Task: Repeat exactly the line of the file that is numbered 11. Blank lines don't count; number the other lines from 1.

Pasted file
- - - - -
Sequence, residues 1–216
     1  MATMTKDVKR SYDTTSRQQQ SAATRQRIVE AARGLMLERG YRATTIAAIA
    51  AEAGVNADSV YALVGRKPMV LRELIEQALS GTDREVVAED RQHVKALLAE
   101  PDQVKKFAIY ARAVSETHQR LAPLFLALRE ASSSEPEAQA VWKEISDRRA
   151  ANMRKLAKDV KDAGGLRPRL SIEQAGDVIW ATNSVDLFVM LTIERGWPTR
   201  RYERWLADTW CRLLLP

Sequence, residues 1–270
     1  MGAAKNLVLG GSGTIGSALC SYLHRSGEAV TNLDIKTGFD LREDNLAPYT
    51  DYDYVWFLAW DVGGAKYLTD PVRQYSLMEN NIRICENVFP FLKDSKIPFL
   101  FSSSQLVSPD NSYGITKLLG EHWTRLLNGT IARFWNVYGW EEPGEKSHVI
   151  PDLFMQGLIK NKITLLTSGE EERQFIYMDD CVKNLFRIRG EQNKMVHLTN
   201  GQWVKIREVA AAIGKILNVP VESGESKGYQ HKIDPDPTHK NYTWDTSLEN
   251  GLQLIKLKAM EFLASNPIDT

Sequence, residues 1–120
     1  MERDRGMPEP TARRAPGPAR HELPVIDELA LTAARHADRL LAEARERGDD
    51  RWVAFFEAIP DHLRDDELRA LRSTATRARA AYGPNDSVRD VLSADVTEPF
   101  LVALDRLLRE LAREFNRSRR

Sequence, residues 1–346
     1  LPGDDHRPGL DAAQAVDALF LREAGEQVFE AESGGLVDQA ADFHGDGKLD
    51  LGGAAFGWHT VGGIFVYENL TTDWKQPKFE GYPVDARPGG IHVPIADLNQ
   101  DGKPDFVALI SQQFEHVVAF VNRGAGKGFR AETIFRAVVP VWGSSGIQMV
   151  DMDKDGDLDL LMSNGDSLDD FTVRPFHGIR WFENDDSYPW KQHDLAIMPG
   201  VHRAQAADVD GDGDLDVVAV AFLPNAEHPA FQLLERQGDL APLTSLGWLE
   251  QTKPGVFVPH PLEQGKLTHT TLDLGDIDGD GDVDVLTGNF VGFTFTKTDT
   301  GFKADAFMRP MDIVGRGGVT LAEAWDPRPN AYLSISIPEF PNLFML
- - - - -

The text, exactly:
   151  PDLFMQGLIK NKITLLTSGE EERQFIYMDD CVKNLFRIRG EQNKMVHLTN